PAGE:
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dition, for we are also outside allegiance to authority ignorant of divine truths and spiritual law. In place of that authority we have the living word of God-Man to obey. Marriage is both a settled way oflife and ajourney to unknown places, based upon honesty ofmotive and mutuaiity ofconsideration which distinguishes it sharply in tone, tenure and texture from ca sual relationships that have no motive other than self-gratification and no consideration beyond the passing moment. It is an exercise in oneness, the blessedness of doing things together within the context of the whole human endeavour. But too often the wide landscape ofhumanity can shrink to the few shrubs and the patch of grass of ‘we and the others’; ‘theirs and ours’, if not a straight out ‘us versus the rest’. Really doing it together means doing it for the divine Beloved for together, without him, is two errors trying to make a right, two zeros hoping to add up to one. You who marry today in the Beloved’s name, do not even have to carry the burden ofhope— for he who the generations in their travail and misery hoped would come, has come and will be with you to the end ofyour lives. You have only, hand in hand, to find his house in Love Street, kiss the threshold and hold out to him the empty cups ofyour hearts and he, the Beloved of all beautifril unions, will fill them with the wine of his Truth. Your only problem is how to empty your hearts so that you can obtain that wine— for the Beloved does not pour the precious wine of divine union into glasses that have not been thoroughly washed ofthe cheap drinks of self-desires. —





eander, older son of Bernard and Jo-Anne Bru ford, married Tamara, daughter of Roger and Chris J ohnson, on Sunday September 27. Leander grew up at Avatar’s Abode. Bernard, along with his parents John and Joan, and sis ter Joanna, came to Avatar’s Abode to meet with Baba in 1958. The family was asked by Baba to come and live on the Abode. Tamara and her father have a long association with Chenrezig Buddhist Institute, also on the Sunshine Coast hinterland, not far from Avatar’s Abode. The wedding was at Roger’s home in Brisbane. Ross Keating (author ofFrancisBrabazon, Poet ofthe Silent Word) has been the marriage celebrant at many a Baba wedding, and he came up from Sydney to perform the ceremony. Sam Saunders provided guitar music at both the wedding ceremony and the reception. It was



The Beloved ofbeloveds has brought you dear ones ofHis together so that together you can set about this work ofglass washing in right earnest. That is His blessing to you— because it is so much easier for two to work together than each on his own. God made the world out ofopposites; and the most perfect op posites are a man and a woman; and being perfect they alone of all the creatures of creation are capable of total union. Animals have their loves, and plants their affinities and the stars attract and repel one another; but only in man can love be ftilly expressed, for man has that ffill consciousness by which he can realize that he is in the Image ofGod. This realization comes by the Grace ofthe Beloved; but love has given us the work of making our hearts empty to re ceive that Grace: that it will be poured into the glasses of our own particular heart shapes. This emptying can only be done through love and service. You who marry today do not have the burden of dead tradition and pathetic hopes to carry. Beloved Baba in His loving-kindness has given us the greater labour, the giants’ labour ofmaking our heart glasses perfectly clean— a giants’ labour because the glass itself is impregnated with the stains ofcountless lives. The last faintest trace ofstain must be rubbed away, yet the shape ofthe glass retained for it is your glass which is to be filled, not someone else’s. Together you go to Him, but He comes to each ofyou individually. Individuality is never lost; it is made perfect. The more you give yourselves to one another and to the true well-being of others, the sooner you will find the divine Beloved who is the One Self of all. Two singing together, sometimes in unison, sometimes in spon taneous harmonies, is a music second only to the singer divinely alone who moves everyone to tears. -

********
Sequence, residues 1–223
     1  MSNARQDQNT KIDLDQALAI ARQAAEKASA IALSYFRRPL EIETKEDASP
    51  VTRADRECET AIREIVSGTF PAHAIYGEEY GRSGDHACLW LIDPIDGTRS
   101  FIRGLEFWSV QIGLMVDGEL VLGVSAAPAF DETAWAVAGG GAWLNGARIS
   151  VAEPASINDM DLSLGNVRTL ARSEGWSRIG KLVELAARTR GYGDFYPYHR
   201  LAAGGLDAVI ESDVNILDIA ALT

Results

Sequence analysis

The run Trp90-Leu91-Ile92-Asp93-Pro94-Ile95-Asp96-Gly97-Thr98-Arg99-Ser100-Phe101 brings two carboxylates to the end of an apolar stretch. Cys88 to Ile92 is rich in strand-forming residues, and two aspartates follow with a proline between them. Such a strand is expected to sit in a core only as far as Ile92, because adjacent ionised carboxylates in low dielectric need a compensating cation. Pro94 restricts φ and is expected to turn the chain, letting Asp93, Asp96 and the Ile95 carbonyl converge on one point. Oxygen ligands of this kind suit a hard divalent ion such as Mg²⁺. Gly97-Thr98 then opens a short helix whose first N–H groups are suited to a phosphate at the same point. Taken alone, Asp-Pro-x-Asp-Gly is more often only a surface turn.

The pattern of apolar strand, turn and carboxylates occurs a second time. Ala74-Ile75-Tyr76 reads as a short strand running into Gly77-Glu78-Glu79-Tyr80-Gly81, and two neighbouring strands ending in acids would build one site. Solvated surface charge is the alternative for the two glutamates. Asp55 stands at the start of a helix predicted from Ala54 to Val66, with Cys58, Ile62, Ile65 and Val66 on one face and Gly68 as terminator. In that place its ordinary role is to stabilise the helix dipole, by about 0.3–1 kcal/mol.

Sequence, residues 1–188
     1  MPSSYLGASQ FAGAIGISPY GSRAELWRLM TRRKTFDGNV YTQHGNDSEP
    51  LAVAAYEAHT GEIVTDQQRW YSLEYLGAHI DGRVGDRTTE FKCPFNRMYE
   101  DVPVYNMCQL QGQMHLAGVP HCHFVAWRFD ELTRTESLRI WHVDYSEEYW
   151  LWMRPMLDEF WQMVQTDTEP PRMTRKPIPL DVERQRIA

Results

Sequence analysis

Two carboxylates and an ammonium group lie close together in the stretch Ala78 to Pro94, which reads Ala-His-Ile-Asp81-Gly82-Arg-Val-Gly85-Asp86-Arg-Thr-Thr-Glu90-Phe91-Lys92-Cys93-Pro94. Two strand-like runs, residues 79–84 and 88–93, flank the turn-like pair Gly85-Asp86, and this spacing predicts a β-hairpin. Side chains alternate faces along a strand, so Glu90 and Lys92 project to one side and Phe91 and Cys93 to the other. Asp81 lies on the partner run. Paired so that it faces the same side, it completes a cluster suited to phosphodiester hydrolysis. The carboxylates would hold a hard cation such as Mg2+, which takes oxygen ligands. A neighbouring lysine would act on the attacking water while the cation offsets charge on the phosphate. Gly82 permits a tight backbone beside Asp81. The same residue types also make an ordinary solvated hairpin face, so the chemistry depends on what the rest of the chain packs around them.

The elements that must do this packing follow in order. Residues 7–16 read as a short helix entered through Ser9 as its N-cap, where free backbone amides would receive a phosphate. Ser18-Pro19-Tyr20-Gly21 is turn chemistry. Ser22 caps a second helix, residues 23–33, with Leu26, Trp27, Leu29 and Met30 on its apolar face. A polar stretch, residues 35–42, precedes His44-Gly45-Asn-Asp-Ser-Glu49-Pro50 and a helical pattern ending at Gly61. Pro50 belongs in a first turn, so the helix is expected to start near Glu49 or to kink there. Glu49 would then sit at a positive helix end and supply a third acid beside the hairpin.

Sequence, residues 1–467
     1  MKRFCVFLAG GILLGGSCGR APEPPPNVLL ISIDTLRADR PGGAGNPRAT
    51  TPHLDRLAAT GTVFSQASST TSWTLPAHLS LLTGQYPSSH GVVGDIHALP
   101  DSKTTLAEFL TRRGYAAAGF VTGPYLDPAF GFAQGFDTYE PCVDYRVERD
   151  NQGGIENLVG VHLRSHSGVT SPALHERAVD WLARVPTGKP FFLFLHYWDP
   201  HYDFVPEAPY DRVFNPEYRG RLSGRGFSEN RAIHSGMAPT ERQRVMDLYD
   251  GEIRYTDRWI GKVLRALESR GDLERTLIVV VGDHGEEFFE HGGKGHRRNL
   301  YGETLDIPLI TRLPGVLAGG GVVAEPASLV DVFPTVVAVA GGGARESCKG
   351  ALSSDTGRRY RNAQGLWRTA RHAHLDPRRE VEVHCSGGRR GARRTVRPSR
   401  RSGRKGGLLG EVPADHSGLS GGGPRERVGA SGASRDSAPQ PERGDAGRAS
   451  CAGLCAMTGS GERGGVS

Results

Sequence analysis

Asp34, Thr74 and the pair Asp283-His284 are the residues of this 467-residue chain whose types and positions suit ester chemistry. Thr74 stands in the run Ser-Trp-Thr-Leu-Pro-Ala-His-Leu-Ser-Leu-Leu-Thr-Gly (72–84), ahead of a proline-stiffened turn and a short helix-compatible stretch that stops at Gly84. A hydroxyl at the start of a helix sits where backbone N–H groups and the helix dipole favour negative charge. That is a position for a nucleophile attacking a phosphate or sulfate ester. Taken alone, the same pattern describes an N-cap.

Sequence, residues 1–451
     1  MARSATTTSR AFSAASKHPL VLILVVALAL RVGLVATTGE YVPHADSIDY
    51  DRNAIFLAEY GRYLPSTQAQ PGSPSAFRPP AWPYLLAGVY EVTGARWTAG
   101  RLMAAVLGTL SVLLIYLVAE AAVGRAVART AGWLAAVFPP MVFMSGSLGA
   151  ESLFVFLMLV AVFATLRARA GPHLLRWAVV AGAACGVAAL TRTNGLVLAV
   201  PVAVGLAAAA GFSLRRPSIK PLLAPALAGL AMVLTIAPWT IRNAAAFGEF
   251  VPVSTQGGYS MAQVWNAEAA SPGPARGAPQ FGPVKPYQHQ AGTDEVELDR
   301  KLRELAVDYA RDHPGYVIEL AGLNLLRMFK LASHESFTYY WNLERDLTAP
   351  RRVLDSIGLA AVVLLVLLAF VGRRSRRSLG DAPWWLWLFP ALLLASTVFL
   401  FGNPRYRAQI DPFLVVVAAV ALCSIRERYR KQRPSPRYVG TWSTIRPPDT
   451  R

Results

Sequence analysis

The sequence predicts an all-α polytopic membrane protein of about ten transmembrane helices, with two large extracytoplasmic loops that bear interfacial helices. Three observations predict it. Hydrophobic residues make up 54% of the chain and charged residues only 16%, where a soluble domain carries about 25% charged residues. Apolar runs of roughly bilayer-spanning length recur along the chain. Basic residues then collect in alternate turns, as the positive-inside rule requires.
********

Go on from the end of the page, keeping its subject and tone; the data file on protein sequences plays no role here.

a very happy occasion for both families, with reminders of Meher Baba, Buddhist, and Christian teaching. Leander and Tamara live in Brisbane. Leander works atJohn and Wendy Borthwick’s White Cloud, and Tamara is a drama teacher at Springwood High School.

A’1ktt R&s i1 October 16 (New Life Day) Mitchell Rose marned Stacy Hall to begin their new life together. The wedding took place in a small colonial inn outside ofBoston and was attended by close family. Robert Een was also there and played cello. Mitchell and Stacy conducted the ceremony themselves and Mitchell’s brother, Stan, offi ciated for the pronouncement.



jj A4iiinage in Wciinjd


Duncan 2<nowles, Wnlnut Creek How it All Came About ore that forty years ago at the University of Nevada, 18-year--old freshman Jean Henrikson from Wiscon sin met fellow student Duncan Knowles. They became college sweethearts. When Duncan broughtJean down to California to meet his family, her brother (Duncan’s fraternity brother, also named Duncan) called their parents back in Wiscon sin, and at the end of the semester, they came and took Jean home because, in their view, she was “out of control.” Though Duncan visited J ean once in Wisconsin, they were not able to stay in touch and drifted apart. Duncan got involved in the 1960s scene and all its confusion, but eventually found out about Meher Baba and met Murshida Duce, the leader ofSufism Reoriented, who changed his life. Then he met her daughter Charmian and several years later a whole new life opened up. Meanwhile, Jean also got married. She had four children and raised three more, became a pilot, and started a charter airline. After being divorced, she became a teacher, earned her doctorate in clinical psychol— ogy, and worked with autistic children. Before Charmian passed away, she told Duncan several times she wanted him to find another companion after she was gone. He jokingly told her that he was having enough challenges with his current wife to think about a future one, and they would laugh about it. Charmian passed away in February 2003. In the past year, Jean felt an increasing wish to contact Duncan once again. Not long ago, the wish became compelling and she asked her son to tell her how to do an internet search to find him. Most recently, on what would have been Duncan